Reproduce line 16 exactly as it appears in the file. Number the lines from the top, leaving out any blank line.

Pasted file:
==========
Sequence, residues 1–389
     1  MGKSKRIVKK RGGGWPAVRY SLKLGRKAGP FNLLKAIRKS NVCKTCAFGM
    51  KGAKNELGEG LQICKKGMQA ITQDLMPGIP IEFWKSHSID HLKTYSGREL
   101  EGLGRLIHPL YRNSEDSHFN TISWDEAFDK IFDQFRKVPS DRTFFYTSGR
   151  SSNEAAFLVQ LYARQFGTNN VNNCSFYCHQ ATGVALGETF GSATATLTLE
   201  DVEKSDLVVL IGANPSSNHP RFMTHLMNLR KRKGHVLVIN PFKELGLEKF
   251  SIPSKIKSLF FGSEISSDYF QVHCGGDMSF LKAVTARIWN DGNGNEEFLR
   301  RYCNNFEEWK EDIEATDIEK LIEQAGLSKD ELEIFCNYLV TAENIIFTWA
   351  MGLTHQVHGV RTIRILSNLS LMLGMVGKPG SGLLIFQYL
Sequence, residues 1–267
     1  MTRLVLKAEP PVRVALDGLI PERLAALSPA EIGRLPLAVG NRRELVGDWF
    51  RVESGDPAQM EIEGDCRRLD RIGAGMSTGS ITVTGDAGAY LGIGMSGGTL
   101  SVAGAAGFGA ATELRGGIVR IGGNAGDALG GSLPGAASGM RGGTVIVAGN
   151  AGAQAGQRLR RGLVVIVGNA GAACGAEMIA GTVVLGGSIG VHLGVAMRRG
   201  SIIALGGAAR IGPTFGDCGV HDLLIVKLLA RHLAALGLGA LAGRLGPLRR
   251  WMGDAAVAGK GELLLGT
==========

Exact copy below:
   251  WMGDAAVAGK GELLLGT